In May 2019 ABC reported that a Californian jury ordered chemical giant Monsanto to pay $US2 billion ($2.8b) to a couple who say they contracted cancer after using the commonly used weedkiller, Roundup.
"Monsanto's owner, Bayer, said the decision is "excessive and unjustifiable" and it will appeal. It is the biggest payout against the company Monsanto over the commonly used weed-killer Roundup and the third case they have lost."
VIDEO: The secret tactics Monsanto used to protect Roundup, its star product | Four Corners - ABC 9News reports today that:
The fallout from a controversial Californian court decision which found the commonly used herbicide Roundup causes cancer, is now being felt in Australia.
Hundreds of users of Roundup here are preparing legal cases against chemical giant Monsanto, the manufacturer of the weed killer. Their cases add to the already 17,000 cases launched in the United States.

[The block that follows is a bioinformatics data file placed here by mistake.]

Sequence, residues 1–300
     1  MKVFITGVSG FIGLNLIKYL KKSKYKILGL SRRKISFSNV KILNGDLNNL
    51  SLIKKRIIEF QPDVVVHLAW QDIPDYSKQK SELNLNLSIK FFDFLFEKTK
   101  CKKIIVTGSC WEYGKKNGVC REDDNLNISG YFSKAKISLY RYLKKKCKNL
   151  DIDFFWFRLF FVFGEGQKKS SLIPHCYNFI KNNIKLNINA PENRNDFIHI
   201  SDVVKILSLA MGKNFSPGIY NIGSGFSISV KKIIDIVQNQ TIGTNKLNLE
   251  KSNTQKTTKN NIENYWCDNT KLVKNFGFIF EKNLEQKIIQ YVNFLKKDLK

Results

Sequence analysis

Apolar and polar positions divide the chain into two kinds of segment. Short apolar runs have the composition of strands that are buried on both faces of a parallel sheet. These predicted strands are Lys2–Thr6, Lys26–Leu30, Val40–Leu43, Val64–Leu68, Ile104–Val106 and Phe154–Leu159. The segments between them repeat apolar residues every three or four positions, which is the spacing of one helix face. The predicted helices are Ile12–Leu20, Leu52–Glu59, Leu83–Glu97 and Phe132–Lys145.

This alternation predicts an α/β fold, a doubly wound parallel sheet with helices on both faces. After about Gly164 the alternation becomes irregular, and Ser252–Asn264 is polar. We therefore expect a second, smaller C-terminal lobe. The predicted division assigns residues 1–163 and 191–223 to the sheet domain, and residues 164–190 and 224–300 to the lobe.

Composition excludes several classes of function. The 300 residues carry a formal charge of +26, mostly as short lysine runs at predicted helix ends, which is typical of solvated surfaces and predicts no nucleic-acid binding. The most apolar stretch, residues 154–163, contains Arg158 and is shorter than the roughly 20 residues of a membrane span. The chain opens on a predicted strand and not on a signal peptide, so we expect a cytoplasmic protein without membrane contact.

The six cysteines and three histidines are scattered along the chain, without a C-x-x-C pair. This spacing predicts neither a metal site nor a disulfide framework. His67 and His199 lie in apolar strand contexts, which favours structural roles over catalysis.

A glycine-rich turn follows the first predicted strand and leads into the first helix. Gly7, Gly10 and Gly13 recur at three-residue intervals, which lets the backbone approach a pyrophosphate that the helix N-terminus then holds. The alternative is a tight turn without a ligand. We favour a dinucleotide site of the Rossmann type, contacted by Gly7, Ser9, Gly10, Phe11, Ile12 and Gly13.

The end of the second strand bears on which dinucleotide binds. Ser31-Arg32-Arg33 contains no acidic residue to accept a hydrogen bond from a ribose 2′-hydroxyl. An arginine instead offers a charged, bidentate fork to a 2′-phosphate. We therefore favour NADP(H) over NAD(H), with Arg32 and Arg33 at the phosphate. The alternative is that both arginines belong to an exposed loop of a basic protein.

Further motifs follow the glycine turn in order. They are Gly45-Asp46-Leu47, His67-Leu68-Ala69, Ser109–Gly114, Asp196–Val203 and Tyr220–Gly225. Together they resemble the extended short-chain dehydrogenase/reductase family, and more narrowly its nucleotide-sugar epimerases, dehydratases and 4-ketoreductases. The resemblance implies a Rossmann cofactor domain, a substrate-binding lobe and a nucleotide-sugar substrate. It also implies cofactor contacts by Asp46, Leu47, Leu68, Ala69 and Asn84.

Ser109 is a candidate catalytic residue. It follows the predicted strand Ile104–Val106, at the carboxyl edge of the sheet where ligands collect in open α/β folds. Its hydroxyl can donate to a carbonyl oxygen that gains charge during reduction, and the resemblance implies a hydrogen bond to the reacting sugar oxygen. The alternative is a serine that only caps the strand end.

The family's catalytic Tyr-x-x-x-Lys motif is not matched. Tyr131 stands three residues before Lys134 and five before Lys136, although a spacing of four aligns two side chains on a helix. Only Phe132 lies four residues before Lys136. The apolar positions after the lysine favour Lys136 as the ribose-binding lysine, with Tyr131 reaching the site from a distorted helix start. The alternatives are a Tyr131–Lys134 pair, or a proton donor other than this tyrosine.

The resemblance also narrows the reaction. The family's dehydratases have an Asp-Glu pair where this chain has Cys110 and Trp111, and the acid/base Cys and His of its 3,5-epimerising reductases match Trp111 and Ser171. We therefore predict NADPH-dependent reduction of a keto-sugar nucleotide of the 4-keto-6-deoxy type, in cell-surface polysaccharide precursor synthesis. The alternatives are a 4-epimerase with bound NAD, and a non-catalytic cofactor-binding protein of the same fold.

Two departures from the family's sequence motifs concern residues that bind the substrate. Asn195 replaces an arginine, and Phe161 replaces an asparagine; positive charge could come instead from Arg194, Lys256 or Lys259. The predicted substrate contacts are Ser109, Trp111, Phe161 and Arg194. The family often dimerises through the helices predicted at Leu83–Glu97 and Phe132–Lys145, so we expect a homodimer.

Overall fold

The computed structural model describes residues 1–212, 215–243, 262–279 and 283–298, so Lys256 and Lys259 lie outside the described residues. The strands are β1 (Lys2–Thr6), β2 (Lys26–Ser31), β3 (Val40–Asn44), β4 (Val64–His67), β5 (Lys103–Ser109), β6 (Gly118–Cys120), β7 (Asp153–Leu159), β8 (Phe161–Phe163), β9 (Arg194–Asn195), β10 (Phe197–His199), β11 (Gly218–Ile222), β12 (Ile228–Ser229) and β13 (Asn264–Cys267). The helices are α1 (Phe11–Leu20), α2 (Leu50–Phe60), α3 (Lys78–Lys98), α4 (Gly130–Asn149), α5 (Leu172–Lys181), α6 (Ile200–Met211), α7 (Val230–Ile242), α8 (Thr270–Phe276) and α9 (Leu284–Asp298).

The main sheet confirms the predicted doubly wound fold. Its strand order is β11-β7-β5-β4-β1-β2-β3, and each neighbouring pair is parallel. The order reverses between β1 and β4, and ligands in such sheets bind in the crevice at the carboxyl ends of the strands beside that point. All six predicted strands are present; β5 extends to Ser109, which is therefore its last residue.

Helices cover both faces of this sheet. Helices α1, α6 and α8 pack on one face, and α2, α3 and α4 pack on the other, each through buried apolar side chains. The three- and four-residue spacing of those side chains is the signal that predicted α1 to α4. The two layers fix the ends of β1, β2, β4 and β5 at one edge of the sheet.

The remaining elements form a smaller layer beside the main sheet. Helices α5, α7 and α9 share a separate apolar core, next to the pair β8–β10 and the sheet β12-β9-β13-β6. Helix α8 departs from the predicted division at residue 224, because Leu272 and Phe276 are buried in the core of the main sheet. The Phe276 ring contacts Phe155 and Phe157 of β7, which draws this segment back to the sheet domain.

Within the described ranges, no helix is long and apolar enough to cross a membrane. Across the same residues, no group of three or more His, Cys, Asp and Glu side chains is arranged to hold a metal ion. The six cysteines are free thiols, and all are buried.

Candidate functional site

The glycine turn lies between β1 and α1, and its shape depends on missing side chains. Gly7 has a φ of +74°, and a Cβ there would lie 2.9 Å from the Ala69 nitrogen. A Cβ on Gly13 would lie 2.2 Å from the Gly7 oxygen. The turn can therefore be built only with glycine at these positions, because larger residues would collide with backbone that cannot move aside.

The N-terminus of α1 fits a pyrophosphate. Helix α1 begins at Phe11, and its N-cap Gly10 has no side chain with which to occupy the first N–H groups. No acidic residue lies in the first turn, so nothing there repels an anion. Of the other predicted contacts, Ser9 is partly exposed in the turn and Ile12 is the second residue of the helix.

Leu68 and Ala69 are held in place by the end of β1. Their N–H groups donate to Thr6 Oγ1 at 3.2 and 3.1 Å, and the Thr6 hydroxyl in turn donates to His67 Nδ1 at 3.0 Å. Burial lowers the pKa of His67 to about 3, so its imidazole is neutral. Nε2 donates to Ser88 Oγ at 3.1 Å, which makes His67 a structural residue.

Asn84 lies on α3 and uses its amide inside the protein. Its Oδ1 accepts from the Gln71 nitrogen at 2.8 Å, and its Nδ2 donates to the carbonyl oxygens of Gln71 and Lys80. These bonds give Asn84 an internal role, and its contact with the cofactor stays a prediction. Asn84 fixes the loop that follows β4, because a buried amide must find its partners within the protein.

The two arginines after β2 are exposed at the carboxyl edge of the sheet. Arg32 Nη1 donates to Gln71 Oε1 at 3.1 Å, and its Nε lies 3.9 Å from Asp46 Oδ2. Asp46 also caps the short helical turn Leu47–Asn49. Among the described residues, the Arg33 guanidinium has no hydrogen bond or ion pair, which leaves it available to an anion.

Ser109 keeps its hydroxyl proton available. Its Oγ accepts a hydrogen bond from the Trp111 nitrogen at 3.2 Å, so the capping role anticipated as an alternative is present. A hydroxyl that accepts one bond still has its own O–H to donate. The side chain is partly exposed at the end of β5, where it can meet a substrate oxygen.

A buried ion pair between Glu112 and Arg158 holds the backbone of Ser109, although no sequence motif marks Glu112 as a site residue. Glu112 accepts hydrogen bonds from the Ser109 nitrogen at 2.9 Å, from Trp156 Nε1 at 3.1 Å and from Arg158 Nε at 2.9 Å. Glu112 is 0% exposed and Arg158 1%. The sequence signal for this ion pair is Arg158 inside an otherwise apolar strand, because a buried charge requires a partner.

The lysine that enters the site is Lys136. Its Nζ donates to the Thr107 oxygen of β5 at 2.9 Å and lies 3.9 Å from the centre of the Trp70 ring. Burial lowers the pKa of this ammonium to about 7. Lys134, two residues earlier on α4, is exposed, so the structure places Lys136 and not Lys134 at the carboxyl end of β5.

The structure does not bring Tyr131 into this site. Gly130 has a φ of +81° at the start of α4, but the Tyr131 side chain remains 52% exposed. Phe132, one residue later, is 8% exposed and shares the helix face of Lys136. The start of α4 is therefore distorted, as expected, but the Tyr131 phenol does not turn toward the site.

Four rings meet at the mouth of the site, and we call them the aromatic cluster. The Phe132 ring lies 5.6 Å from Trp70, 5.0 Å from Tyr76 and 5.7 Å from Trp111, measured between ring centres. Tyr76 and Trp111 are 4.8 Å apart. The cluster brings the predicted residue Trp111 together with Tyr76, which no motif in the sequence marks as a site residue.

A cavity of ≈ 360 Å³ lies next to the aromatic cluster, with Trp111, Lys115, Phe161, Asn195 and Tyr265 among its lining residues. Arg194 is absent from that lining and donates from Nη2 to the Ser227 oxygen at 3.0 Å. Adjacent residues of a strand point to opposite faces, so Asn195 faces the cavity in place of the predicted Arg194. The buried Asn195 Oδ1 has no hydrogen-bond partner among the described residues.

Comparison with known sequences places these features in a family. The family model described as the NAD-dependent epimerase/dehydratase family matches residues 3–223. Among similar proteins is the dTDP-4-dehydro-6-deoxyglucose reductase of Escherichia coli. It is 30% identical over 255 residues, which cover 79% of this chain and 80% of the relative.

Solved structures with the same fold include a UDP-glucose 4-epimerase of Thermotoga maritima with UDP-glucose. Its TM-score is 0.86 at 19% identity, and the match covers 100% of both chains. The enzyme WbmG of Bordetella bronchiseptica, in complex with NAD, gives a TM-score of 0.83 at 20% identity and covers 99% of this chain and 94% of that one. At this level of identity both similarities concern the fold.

This Sunday on 60 Minutes, reporter Liam Bartlett investigates the claim Roundup is unsafe and life-threatening. "Right now, we're in that moment when the first lawsuits exposed the truth about cigarettes," Brett Wisner, lead attorney Should we be concerned with Council's use of it in our parks and reserves? Eurobodalla Council advised, back in 2016, that: Glyphosate is the active constituent of many branded weed control products including Roundup and Zero. Formulations of glyphosate based products can be found in 360, 450, 480, 500 and 540 gram per litre increments. Most of these products and formulations are easily accessible to the public at any supermarket, rural or hardware store. Council uses Roundup Biactive 360 g/ltr (does not contain a surfactant and thus is ‘frog friendly’) in various situations as a registered control method for various plants including but not limited to, Lantana, Bitou Bush, grasses including African Love Grass, Serrated Tussock and Kikuyu and the noxious aquatic weed, Salvinia molesta. Roundup Biactive 360 is registered for use in and around waterways as it is non mobile in the soil profile as it quickly binds to aluminium and iron particles. It has a half-life of around 47 days and has low toxicity. It is broken down into various natural components including carbon monoxide and dioxide and nitrogen and phosphorous oxides. Glyphosate based products are termed ‘non specific’ with regards to their applicability for weed control; that is, it will likely have detrimental effects to any plants (note it does not kill everything) it comes into contact with. As such, Council are very cautious in our use of this product as off target damage to surrounding plants is a serious consideration, however glyphosate provides most land managers with a reasonably safe and very effective weed control option for many difficult to treat areas such as rights of way and road verges. Of course, it is imperative that anyone using herbicides of any type must wear appropriate personal protective equipment (PPE), adhere to the Material Safety Data Sheet (MSDS) and product label, and ensure that application is conducted in such a way that avoids and minimises off target damage to surrounding vegetation and exposure to people and animals. Council’s pesticide use notification plan is based on requirements under the Pesticides Regulation 2009. Typically, in high use public areas Council erects signage and notifies via various forms of media including radio and print mediums. Visual signage also notifies the public of the type of works in progress. As per the plan, wet application herbicides are typically dry on the plant within 15 minutes, often half that time in sunny conditions, thus precluding the erection of specific signage – this is where vehicle based signage only is used, which satisfies our obligations under the regulation. With regards to the WHO listing, it is worth noting that glyphosate has been added to the same list as many other potential carcinogens including red meat and wood smoke. Certainly, minimising dermal and respiratory exposure to any chemical is a good thing to practice.